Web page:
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Extension Technology and
Computer Services

 

University of Missouri-Columbia   Extension Technology and Computer Services—ETCS

 
February 2003
 Vol. 20, No. 1


A Technology Newsletter for Extension Specialists

 

 

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Network Wiring
By John Myers

Have you ever sat down to use your computer and it either won't let you log on or your drive mappings (Q: and R) keep disconnecting? If so, then your network wiring could be at fault. Back in the old days when Ethernet connections were only 10Mbs (megabits per second), everything worked just fine, but with the new faster speeds (100Mbs & 1000Mbs), comes new problems.

One common problem is inadequate wiring. There are different ratings of network wiring, depending on the speed that you intend to run on. When we first started to put networks in the county offices, we used Category 3 (Cat3) wiring. For 10Mbs networks this was fine, but for today's speeds we need better wiring. Category 5 (Cat5) and Category 5E (Cat5E) are the preferred wiring specifications.

Another common problem can be interference. Florescent lights can cause major interference, even with Cat5 wiring. The interference from florescent lights does not appear until you reach the 100Mbs network speed. Usually the network connection still works, but is much slower than the same line running at 10Mbs. This type of interference can also corrupt your files and databases.

Ok, then let's just run everything at 10Mbs and be done with it. Good idea, but it's becoming increasingly hard to find hubs, switches and network cards that work at 10Mbs. Even when you find new equipment that works at 10Mbs, the equipment appears to be more susceptible to these network problems, even when they are run at 10Mbs.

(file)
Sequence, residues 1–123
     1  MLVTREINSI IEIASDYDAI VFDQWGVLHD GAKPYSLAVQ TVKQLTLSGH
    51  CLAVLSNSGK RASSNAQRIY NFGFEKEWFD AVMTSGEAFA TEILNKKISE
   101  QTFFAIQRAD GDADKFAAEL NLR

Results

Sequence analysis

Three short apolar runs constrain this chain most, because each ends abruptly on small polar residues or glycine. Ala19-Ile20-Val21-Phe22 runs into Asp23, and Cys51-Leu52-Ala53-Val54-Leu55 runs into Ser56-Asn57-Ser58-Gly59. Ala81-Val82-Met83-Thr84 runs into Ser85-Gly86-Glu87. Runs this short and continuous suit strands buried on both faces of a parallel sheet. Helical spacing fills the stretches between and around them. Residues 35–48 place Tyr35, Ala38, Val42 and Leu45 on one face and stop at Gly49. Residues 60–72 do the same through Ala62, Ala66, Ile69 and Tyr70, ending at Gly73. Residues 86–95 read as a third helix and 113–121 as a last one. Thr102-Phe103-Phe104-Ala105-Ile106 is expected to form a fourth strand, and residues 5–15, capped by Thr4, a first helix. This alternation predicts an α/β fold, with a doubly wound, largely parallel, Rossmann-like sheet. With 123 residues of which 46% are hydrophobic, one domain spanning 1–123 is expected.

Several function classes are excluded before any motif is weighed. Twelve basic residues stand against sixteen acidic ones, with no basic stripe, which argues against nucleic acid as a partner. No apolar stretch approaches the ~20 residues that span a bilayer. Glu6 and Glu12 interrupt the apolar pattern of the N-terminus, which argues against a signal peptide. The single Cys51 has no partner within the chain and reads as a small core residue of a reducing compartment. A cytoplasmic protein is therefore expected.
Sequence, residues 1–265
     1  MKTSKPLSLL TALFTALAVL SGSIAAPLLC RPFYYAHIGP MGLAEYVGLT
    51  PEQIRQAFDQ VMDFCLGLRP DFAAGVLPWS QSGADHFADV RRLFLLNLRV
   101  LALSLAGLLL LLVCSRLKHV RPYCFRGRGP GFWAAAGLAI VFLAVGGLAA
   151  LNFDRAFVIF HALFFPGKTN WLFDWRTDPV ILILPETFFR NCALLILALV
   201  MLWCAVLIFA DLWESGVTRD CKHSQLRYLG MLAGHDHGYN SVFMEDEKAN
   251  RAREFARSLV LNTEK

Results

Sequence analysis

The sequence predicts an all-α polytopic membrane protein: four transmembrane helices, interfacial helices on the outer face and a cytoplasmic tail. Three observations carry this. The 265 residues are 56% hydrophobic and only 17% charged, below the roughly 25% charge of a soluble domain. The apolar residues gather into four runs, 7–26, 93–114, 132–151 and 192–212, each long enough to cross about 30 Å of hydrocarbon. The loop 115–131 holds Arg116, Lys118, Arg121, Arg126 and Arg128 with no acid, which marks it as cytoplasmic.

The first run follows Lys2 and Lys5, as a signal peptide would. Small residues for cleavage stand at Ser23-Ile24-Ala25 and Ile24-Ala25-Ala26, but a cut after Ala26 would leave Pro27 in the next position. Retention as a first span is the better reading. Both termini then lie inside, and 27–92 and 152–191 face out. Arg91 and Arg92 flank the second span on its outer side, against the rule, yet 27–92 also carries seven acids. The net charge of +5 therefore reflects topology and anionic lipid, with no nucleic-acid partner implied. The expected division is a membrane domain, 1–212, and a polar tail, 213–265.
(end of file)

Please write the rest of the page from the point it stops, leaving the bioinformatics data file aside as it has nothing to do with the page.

If you are responsible for the wiring in your office, then here are a few things for you check to make sure your network will run smoothly in the future. First, make sure your wiring is either Cat5 or Cat5E. I'm not just talking about the wiring from the wall to your computer, but all the wiring from your computer back to the hub or switch. You can find out what type of wiring you have by looking at the wire. On the side, every few feet, there should be writing. Somewhere in the writing you should see CatX where the X will either be 1-5 or 5E. If you have anything below Cat5, then you should proceed to get your wiring replaced. Second, if you have florescent lights and a drop ceiling, and your network wires are lying near the florescent lights, then you will need to move your wiring. Move the wires at least three feet from the florescent lights.

If you have any other questions or concerns about your office wiring, please contact us at ETCS@missouri.edu and we will be glad to help you. If you do these simple checks now, it will save you time and trouble in the future.

 

 

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